Bigger Kids

Setting boundaries for borrowing

When it comes to your teen borrowing your clothes, set some boundaries with her first

By Teresa Pitman
Setting boundaries for borrowing

The sun isn’t up yet, but you’re awake. What’s that noise?

A shadowy figure is rifling through the clothes in your closet. Not this, not that — ah, here’s one that will do.

A very picky burglar? No. It’s your 14-year-old daughter augmenting her outfit.

You’re a little annoyed (maybe you wanted to wear that black shirt today)  and decide the two of you had better talk. After coffee.

Toronto parent coach Eva-Marie Moffat sees this issue a lot. Younger kids are more likely to look at our clothes as dress-up items, but teens who have grown into wearing the same shoe or dress size suddenly see a parent’s wardrobe as a potential treasure trove. Moffat finds that boys are more likely to borrow everyday items without too much thought — a T-shirt with a slogan, socks on days they can’t find a clean pair, a ball cap that happens to be hanging near the door. “It fits, it’s accessible, so they borrow it,” she comments. Girls, on the other hand, often borrow “special things,” says Moffat: a jacket that will finish off an outfit, some earrings, a new blouse. A girl is likely to do a bit more planning about what she wants.

Some of us are more attached to our stuff than others, Moffat comments, and have different comfort levels about seeing them borrowed. Still, a little borrowing can be a good thing, if it’s done in moderation and with consideration for others. “It can also be negative if done for the wrong reasons or not handled well,” she adds.
What are the wrong reasons? Sometimes parents want to be their kids’ buddies and are so focused on connecting with their children that they see sharing their stuff as a way of closing the gap. But it can be a problem if your teen simply expects to have unrestricted access to your closet, no questions asked. “Your stuff is not to be taken for granted as ‘borrowable,’” Moffat says. In other words, they need to ask first.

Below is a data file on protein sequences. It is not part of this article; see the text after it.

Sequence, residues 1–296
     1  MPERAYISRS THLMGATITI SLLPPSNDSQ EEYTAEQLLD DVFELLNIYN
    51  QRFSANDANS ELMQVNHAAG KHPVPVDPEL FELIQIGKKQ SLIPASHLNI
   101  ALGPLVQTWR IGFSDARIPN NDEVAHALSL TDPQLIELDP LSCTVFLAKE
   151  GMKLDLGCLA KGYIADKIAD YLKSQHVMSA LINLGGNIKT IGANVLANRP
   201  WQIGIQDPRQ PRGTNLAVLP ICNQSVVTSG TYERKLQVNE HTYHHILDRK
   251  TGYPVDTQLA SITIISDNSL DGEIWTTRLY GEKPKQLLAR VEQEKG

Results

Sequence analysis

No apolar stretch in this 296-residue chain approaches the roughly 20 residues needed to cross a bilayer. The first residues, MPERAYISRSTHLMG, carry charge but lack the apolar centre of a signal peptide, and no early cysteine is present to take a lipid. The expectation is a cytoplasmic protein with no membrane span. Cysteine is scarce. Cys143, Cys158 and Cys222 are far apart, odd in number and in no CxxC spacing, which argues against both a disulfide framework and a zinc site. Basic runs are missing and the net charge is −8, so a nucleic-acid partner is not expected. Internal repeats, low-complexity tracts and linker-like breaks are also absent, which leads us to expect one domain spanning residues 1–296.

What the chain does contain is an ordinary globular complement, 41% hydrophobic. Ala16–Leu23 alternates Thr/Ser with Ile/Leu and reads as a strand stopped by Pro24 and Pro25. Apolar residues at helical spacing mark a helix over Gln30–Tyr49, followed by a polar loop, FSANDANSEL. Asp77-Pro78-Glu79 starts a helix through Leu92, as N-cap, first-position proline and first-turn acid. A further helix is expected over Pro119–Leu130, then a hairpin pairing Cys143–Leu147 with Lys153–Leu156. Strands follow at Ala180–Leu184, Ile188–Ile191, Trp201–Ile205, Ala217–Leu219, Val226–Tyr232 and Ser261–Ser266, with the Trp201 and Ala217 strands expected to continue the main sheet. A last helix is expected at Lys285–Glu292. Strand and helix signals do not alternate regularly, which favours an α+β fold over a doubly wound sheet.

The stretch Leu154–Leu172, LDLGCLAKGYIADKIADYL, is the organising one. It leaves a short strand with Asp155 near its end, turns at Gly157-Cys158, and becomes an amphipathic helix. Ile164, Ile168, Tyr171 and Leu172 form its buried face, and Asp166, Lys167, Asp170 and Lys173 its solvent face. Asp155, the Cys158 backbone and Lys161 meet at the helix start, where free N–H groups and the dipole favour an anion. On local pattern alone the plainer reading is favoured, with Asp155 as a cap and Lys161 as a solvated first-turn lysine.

“As a parent, it would be great to be considered cool for reasons other than material things, for instance, because you are approachable, fair and take the time to really listen,” says Moffat.

To tip the balance in a more positive direction, Moffat suggests getting some clarity around the borrowing process:

• As mentioned, always ask first. And be willing to respect “no” if that’s the answer. You might also put in a “lead time” requirement — don’t ask for my red tank top at 6 a.m. when I’m half-asleep and you need to leave in 20 minutes.
• You’re entitled to have some “off-limits” items. (So are your kids — from their siblings and also from Mom and Dad.)
• Figure out when the item will be returned, where it will be put, and in what condition it should be (washed first, for example, or not). Moffat gives the example of a mother who was happy to loan her iPod to her son, but frustrated when she couldn’t find it for her morning walk. She and her son later arranged that he’d return it to his mom’s office before he went to bed.
• Have a plan for when things go wrong. Sometimes, items will be lost or damaged, despite everyone’s best intentions. Teens need to learn to take responsibility for their actions, says Moffat, and how to make amends. A sincere apology is the first step, but Moffat says the teen can also pay for the item or offer to make restitution by doing extra chores. And when your child does take responsibility, be sure to acknowledge it.
• Consider that you may need to put a stop to borrowing or, at least, take a time out, says Moffat, if things are taken without permission, or damaged without any offer of compensation.

And what if you’d just rather keep your clothes for yourself? Is it OK to just say no? Absolutely, says Moffat. Even if your teen keeps looking longingly at your silk blouse…

This article was originally published on Nov 25, 2011

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